The Austin Chronicle tells how a chrome, pocket-sized, .22-caliber Jennings Firearms Inc. pistol happened to be involved in the case of a man shot dead by a police officer. The Chronicle says the story is a “stark, almost textbook illustration of the difficulty of enforcing the laws regulating the ownership and possession of handguns – as well as the virtually inevitable results.” Many firearms diverted from the black market, says the Bureau of Alcohol, Tobacco, Firearms and Explosives (ATF), are connected to the illegal drug trade. “That’s pretty much where they all go,” says Austin Police Detective T.J. Vineyard. There are guns stolen from their legal owners by drug users looking to trade them for dope, and there are guns that drug dealers carry to protect their stash.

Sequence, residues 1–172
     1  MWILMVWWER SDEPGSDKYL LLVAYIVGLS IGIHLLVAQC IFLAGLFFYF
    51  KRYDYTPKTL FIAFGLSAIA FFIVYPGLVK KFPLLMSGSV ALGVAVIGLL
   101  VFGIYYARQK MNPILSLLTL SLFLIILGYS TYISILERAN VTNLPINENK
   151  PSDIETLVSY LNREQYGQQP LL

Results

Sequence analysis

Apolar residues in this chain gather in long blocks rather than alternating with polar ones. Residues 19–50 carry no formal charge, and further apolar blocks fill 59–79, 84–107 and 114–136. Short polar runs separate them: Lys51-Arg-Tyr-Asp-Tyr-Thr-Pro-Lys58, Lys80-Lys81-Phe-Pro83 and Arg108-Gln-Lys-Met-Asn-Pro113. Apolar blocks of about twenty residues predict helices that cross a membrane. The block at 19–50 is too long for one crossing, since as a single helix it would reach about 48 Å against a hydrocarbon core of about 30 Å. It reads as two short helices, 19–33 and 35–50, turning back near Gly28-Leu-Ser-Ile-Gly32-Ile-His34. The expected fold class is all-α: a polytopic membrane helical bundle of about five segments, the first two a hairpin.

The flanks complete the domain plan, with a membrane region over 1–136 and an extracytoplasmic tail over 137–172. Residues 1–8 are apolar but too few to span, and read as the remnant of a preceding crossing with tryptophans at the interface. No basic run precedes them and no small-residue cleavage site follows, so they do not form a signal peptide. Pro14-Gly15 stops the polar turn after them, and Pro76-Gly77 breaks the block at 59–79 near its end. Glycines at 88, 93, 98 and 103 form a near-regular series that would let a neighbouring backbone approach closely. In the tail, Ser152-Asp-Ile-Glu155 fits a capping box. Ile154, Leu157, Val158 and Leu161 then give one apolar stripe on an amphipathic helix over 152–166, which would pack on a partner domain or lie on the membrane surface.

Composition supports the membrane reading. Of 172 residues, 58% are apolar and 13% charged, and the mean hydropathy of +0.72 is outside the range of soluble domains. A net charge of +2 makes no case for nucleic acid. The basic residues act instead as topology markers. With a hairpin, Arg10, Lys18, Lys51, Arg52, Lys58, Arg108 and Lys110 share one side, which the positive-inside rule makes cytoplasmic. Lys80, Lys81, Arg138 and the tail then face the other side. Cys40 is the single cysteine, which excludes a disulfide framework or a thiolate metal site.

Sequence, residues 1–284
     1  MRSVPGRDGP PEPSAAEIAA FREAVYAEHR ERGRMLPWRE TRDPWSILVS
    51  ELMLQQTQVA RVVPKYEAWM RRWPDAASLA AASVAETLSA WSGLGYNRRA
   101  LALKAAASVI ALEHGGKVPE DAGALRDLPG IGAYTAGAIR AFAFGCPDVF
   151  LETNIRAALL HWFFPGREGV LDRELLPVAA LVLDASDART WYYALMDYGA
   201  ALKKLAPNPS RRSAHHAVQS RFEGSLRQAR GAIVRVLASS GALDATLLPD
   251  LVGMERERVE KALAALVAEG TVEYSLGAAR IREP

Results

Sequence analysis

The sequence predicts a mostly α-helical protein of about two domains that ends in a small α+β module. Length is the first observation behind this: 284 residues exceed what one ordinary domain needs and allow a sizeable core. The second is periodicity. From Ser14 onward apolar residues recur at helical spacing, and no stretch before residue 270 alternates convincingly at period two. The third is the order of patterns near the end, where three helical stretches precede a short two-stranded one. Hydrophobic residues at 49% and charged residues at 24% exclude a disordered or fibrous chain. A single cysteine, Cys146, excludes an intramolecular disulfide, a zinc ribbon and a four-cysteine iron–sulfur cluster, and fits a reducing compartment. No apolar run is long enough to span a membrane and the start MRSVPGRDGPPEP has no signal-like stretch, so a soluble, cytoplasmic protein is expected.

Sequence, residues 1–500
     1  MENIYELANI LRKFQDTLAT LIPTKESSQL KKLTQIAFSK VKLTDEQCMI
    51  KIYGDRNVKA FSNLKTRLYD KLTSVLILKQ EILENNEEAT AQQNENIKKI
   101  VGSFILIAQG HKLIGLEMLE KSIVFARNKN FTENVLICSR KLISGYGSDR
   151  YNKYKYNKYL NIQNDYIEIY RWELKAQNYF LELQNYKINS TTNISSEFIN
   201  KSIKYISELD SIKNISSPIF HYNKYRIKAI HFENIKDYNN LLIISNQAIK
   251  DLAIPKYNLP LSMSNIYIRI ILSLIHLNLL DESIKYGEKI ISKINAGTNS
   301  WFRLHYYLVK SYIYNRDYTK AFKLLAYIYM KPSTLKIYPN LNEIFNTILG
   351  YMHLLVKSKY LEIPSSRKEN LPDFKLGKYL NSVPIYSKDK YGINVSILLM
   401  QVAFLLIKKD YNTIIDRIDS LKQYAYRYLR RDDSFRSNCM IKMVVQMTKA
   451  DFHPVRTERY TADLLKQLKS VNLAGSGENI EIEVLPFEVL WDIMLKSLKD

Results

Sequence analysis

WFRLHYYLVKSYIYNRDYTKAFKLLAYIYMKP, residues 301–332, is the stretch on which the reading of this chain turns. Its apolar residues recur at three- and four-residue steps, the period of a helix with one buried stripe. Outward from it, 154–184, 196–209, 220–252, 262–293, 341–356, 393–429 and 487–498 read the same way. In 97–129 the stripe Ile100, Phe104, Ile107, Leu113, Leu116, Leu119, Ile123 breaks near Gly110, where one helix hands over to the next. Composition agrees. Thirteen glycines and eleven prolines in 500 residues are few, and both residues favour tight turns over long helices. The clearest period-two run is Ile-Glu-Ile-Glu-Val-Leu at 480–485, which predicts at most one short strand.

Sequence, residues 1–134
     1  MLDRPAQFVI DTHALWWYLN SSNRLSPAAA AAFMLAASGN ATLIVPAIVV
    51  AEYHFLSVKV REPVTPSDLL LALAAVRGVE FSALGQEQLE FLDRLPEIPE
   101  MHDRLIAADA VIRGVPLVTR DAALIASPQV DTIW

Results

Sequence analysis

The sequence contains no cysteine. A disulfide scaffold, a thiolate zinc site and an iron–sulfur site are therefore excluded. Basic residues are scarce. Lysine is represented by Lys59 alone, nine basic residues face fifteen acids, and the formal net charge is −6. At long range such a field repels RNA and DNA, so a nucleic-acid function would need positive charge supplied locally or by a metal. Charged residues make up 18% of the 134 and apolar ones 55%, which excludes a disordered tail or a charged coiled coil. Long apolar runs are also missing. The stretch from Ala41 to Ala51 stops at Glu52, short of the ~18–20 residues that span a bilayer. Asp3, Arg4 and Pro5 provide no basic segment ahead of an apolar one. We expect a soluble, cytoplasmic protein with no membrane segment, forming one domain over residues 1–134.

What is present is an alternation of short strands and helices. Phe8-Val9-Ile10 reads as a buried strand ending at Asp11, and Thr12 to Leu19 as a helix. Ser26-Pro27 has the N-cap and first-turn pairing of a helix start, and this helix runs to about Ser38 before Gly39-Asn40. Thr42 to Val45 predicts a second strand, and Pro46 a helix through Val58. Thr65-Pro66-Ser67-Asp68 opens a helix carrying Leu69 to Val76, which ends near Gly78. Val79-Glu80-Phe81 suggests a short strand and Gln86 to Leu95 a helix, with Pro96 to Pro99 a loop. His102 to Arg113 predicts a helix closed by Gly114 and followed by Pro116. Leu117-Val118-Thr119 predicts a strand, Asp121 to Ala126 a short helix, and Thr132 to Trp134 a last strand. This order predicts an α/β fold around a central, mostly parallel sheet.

Many police officers believe that policing the gun trade is hopeless, says Duke University economist Philip Cook, a expert on the connection between gun availability and crime. “The problem is that they’re wrong.” Guns aren’t easily obtained by street criminals, Cook says, in part because they “don’t have a lot of cash, and when they do, they have other things they want to spend it on.” When police make firearm enforcement a priority, they’re “able to tighten the screws farther in,” reducing the opportunity for “prohibited” people to get firearms. In a 2006 study, Cook and other researchers sought to determine how readily available guns were on the streets of Chicago, where private handgun possession is banned. They made surprising discoveries – notably, that the long Chicago police history of making firearm policing a priority actually reduced the likelihood that drug dealers and gang members would trade in guns or even carry firearms. As a Chicago gang leader explained: “Police don’t like [guns] moving around here, man. We stay away from that shit, see, ’cause we already got enough trouble with the police.”